So that is some of the context of our families lives. The other issue is process. Specifically, for low income communities, family and parent roles in their children’s lives have been transformed over the last 40+ years into supportive roles rather than lead actors. As Institutions assumed a greater role in “saving” those poor kids, they also supplanted parents in decision making and framing what that salvation looked like. As the resources went away from capacity building and organizing, and towards providing services and “managing” the poor, we lost much of our leadership capacity for civic engagement. Organizations like Earth Care have focused on providing leadership development opportunities for youth, and now we are also focusing on adults through our Poder Familiar-Abriendo Puertas initiative.

Poder Familiar uses the Abriendo Puertas curriculum to engage parents and parenting adults in developing leadership skills for family, school and community transformation. It is the only evidence-based, bilingual curriculum that targets Latino families and has been recognized by national and international experts and organizations. See the link for more information:http://www.ap-od.org/

We have worked with the Partnership for Community Action, based in Albuquerque, to bring this training to Santa Fe and 18 individuals participated in the first class last summer. 10 of them successfully completed an intense “Training of Trainers” with the support of Opportunity Santa Fe and other organizations and 5 of them are now co-facilitating the second Abriendo Puertas class. The class meets on Wednesdays at Cesar Chavez ES from 6-8pm. It is in Spanish and new participants are welcome with the deadline being Wednesday, November 15th. To register just have your families and clients show up on the 15th. Free childcare and snacks are provided and further information is attached in this newsletter.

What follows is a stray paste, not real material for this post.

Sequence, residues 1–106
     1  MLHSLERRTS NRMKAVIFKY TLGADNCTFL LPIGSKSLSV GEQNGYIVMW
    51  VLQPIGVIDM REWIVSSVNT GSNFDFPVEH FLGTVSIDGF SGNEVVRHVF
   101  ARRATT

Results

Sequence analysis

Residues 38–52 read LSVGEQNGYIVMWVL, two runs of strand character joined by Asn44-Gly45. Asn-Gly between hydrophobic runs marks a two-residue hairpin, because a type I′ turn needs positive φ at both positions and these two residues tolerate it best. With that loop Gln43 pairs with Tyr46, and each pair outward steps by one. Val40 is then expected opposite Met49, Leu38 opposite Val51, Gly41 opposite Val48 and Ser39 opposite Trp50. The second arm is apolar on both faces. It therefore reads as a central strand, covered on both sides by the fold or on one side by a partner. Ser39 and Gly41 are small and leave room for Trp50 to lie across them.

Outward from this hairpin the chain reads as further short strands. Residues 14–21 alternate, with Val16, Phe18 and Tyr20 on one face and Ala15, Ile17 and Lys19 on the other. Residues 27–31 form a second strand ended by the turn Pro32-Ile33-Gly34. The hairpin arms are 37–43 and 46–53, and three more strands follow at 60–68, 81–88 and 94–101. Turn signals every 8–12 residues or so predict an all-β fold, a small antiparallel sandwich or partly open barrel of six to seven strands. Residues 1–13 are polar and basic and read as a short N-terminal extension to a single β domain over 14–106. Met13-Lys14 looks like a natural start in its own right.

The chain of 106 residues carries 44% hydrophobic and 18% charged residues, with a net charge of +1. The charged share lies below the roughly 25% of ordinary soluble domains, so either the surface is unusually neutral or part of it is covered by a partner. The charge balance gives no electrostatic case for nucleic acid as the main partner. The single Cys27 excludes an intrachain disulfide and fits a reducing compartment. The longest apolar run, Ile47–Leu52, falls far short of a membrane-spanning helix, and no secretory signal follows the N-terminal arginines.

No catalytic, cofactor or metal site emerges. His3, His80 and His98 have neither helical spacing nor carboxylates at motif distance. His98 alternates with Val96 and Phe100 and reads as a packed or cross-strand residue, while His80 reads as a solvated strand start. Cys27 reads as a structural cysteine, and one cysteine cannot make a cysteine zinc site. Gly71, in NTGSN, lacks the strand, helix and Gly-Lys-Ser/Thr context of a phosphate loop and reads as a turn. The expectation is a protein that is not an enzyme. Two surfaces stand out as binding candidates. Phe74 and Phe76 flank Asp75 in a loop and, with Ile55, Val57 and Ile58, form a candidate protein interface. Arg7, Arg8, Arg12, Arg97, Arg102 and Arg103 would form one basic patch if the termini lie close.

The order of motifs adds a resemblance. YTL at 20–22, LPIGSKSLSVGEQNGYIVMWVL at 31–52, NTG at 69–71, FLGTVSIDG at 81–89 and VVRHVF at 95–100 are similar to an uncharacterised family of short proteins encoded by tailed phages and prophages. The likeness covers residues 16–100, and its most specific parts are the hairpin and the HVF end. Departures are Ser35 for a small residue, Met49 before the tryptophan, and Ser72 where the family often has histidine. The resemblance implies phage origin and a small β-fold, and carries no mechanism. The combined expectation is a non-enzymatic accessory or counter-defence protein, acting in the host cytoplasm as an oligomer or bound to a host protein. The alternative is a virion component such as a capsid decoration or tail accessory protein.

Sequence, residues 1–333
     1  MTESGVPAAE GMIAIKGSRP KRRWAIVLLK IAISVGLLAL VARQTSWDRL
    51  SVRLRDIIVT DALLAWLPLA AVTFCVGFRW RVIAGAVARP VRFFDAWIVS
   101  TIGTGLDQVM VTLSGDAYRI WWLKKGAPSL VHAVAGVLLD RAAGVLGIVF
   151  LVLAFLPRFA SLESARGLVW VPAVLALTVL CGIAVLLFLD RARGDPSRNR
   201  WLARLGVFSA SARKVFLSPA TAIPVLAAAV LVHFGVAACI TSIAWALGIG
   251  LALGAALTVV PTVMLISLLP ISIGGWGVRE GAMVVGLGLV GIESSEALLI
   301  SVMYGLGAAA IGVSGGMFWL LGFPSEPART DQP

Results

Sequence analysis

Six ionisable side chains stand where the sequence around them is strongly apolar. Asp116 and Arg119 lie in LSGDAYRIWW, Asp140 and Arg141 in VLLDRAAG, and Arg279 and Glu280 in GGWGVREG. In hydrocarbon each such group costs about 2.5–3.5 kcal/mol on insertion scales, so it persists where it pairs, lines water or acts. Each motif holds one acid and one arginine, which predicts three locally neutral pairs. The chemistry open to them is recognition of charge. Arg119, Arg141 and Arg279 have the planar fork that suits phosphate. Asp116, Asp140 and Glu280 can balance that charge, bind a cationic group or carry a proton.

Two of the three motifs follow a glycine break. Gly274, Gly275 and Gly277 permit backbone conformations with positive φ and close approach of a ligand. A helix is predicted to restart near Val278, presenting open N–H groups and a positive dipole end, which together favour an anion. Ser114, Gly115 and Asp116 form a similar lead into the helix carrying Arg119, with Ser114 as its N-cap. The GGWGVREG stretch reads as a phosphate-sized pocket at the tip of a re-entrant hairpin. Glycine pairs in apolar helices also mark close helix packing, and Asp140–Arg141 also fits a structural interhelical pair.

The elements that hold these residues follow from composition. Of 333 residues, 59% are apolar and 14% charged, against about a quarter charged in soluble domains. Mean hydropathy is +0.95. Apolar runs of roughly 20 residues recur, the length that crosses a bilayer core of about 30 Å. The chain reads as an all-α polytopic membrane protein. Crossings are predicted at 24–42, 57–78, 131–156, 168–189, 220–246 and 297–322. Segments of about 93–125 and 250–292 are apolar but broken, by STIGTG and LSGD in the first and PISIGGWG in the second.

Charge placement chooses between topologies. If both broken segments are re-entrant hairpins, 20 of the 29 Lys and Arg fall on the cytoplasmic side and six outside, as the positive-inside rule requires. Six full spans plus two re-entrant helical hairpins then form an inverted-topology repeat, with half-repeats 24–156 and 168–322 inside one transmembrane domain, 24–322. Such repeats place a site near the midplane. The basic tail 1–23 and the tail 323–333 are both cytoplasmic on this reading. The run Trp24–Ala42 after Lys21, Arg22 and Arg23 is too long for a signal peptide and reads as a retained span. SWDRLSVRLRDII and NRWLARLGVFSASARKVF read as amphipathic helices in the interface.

Our goal is to offer several sections starting in January through your organizations and schools. As parents gain leadership skills and experience, they will enrich your work, impact the context of our lives in Santa Fe, and transform the processes that have prevented meaningful change. The Annenberg Institute published a report last year that speaks to the power and importance of parent leadership. See it here: http://www.annenberginstitute.org/publications/RippleEffect

Our collaborative work in Santa Fe will help write the next chapter. Thank you. Si Se Puede!